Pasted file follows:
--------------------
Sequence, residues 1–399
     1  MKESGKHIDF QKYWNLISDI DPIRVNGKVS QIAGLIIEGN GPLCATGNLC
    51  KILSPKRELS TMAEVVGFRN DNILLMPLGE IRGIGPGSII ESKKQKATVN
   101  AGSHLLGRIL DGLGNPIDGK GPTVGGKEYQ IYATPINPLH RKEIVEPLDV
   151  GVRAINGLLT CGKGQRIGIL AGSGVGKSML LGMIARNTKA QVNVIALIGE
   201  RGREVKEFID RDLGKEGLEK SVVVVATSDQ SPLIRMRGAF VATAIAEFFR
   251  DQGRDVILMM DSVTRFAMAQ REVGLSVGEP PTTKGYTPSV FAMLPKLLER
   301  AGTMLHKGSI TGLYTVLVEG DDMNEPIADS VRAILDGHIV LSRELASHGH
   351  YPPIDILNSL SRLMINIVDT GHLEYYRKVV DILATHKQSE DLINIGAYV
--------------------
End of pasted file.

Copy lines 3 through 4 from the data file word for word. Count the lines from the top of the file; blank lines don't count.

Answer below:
    51  KILSPKRELS TMAEVVGFRN DNILLMPLGE IRGIGPGSII ESKKQKATVN
   101  AGSHLLGRIL DGLGNPIDGK GPTVGGKEYQ IYATPINPLH RKEIVEPLDV